Waller: We have a branded program called the Associate Enrichment program. We chart each employee’s career growth path and prepare employees for promotion by outlining what skills they still need to add to their repertoire to achieve the next level.
We also run an employee recognition platform, on a mobile app called Achievers, that lets associates recognize each other for stellar performance by granting both points, that translate to shopping dollars in an online store, and/or social recognition. This has been a real boost to NRP’s ability to reach associates in the field and promote their excellent performance. For instance, recently we had an employee who was celebrating his 10th anniversary with NRP, so he was awarded 50,000 points, but then many senior managers logged in and “boosted” him, the equivalent of Facebook “likes,” and his points went from 50,000 to 100,000.
Managers get a certain allotment and then redistribute them in recognition of all kinds of property management-related occurrences: a sales team that has a great leasing week, a property faced with a tough situation whose team dealt with it well, any evidence of going that extra mile for residents and coworkers.
Propmodo: How has technology helped in managing a large workforce?
Waller: We have a training program called NRP Learn which utilizes online training courseware designed for the property management industry as its backbone, and then we customize it. The program teaches you for whatever you need in your role, compliance, leasing or Yardi.
Based on employee feedback, we’ve created something called the Next Day Program, a training outline for the first 90 days on the job. The minute someone is hired, we have a pre-set learning curriculum for them. A groundskeeper will have a 3-hour curriculum, while a property manager might have a 27-hour one, depending on their seniority level.
Property management is a series of checks and balances. We have logs for everything, tool logs, snow logs, preventative maintenance logs. These used to all be stored in either Excel or on paper, in binders. Our goal by 2019 is to have every piece of information uploaded and mobile, rather than in those binders. We’ve already developed our own in-house software solution that integrates the various off-the-shelf software we use, and we’re constantly adding functionality to it.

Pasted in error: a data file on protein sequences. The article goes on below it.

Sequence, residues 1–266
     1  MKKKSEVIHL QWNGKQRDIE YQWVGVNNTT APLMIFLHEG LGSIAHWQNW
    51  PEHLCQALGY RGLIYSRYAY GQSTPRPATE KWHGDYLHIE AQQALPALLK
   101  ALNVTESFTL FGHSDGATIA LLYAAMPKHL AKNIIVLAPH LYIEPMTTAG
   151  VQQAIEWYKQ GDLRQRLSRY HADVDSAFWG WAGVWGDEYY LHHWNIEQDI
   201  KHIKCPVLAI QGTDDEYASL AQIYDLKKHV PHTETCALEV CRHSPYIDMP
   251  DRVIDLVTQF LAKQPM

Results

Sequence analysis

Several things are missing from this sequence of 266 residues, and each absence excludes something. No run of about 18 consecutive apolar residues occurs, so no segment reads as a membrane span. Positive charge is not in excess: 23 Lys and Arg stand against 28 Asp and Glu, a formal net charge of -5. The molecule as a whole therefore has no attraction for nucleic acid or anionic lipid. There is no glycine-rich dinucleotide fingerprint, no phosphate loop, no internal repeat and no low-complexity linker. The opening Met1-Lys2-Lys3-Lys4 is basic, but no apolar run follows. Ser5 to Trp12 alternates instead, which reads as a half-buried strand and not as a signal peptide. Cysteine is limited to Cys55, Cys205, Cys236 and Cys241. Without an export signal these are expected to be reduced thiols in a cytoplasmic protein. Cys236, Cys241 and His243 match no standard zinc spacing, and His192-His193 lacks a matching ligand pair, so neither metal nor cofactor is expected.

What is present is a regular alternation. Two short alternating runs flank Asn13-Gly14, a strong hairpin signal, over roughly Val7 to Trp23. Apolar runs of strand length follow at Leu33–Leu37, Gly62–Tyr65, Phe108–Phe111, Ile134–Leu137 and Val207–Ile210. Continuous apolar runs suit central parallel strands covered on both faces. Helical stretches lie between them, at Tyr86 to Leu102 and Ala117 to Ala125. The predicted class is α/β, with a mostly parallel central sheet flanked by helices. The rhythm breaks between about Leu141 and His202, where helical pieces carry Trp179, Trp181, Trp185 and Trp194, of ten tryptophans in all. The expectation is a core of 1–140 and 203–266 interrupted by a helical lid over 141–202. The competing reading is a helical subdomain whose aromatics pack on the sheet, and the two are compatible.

Propmodo: What cultural characteristics have you noticed in your younger employees and what have you done to address them?
Waller: I wouldn’t dwell on differences between younger employees or older ones. Regardless of whether you are a millennial or three decades into your career, you want to know if you are moving in the right direction in your career, whether you are making progress and understanding your career growth. As a responsible employer, it’s important to communicate, to show the path forward in an employee’s career, and to keep them engaged every step of the way.
Propmodo: What are some of the trends we will see going forward in multifamily?
The multifamily property management start-up space is crowded, with lots of entrepreneurs jostling to figure out how to make life easier for apartment owners and managers like us, and for residents. We love that but it keeps us busy. My colleagues at The NRP Group are constantly evaluating dozens of tech tools and apps, trying to figure out which will integrate well with our in-house systems, which will be most helpful and pleasing to residents, and which have the most staying power for them.
One of the tech tools our residents are currently is Package Concierge. This package room system allows a resident to have 24-hour access to larger parcel packages, the ones they would miss out on by not being home. The resident receives an email or text message that they received a package and can retrieve it at their convenience. No more wondering if the package containing sensitive and valuable items arrived on time.
We also are accommodating residents in everyday travel needs, including by offering community transit screens. This television monitor is designed to give residents the ability to have real time information on when the next bus, train or even Uber is expected to be at its designated drop-off spot.
At our Pittsburgh property, Edge 1909, we are testing are custom tech packages including Nest Thermostats, Google Home, Phillips Hue Lights, and Sonos audio, inside apartment homes, in order to give residents more and more control at their fingertips. The smart home integration movement is here and NRP is well in front of that demand to provide the experience our residents crave. Nest in particular not only gives residents the ability to control temperature settings from anywhere but is proven to reduce average energy usage on a yearly basis.
Finally, we are beta-testing Yardi Concierge in one of our Cleveland properties, The Edison at Gordon Square, which residents can use for things like reserving the club room and paying for the rental fee. Other apps we’ve been looking at are dog-sitter apps and roommate matching apps, knowing these are of high importance to our residents.